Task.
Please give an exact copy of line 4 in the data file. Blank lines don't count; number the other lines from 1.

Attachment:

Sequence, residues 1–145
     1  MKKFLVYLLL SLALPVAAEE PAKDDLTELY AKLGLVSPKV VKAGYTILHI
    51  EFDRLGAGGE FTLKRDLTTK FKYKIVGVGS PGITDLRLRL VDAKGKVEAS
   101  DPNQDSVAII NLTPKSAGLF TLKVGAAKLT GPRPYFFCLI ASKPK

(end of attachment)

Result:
   101  DPNQDSVAII NLTPKSAGLF TLKVGAAKLT GPRPYFFCLI ASKPK